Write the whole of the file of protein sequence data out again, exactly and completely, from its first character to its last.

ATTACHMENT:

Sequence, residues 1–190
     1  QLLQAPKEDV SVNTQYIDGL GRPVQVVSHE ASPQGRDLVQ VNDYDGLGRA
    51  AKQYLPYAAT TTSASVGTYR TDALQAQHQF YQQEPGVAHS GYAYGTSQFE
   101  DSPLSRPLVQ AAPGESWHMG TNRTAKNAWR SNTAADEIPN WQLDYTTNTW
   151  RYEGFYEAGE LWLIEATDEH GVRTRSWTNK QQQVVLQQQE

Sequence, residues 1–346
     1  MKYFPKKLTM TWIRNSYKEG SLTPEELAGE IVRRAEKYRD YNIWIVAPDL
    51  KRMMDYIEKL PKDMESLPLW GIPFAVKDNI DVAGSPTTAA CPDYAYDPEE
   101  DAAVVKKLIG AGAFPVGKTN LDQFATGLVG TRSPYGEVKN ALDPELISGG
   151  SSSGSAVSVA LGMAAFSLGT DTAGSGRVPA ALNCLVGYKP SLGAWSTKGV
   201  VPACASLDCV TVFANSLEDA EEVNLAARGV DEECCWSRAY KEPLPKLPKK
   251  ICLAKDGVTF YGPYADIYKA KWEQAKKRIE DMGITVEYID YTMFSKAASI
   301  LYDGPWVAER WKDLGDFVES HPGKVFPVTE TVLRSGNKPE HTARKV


Sequence, residues 1–190
     1  QLLQAPKEDV SVNTQYIDGL GRPVQVVSHE ASPQGRDLVQ VNDYDGLGRA
    51  AKQYLPYAAT TTSASVGTYR TDALQAQHQF YQQEPGVAHS GYAYGTSQFE
   101  DSPLSRPLVQ AAPGESWHMG TNRTAKNAWR SNTAADEIPN WQLDYTTNTW
   151  RYEGFYEAGE LWLIEATDEH GVRTRSWTNK QQQVVLQQQE

Sequence, residues 1–346
     1  MKYFPKKLTM TWIRNSYKEG SLTPEELAGE IVRRAEKYRD YNIWIVAPDL
    51  KRMMDYIEKL PKDMESLPLW GIPFAVKDNI DVAGSPTTAA CPDYAYDPEE
   101  DAAVVKKLIG AGAFPVGKTN LDQFATGLVG TRSPYGEVKN ALDPELISGG
   151  SSSGSAVSVA LGMAAFSLGT DTAGSGRVPA ALNCLVGYKP SLGAWSTKGV
   201  VPACASLDCV TVFANSLEDA EEVNLAARGV DEECCWSRAY KEPLPKLPKK
   251  ICLAKDGVTF YGPYADIYKA KWEQAKKRIE DMGITVEYID YTMFSKAASI
   301  LYDGPWVAER WKDLGDFVES HPGKVFPVTE TVLRSGNKPE HTARKV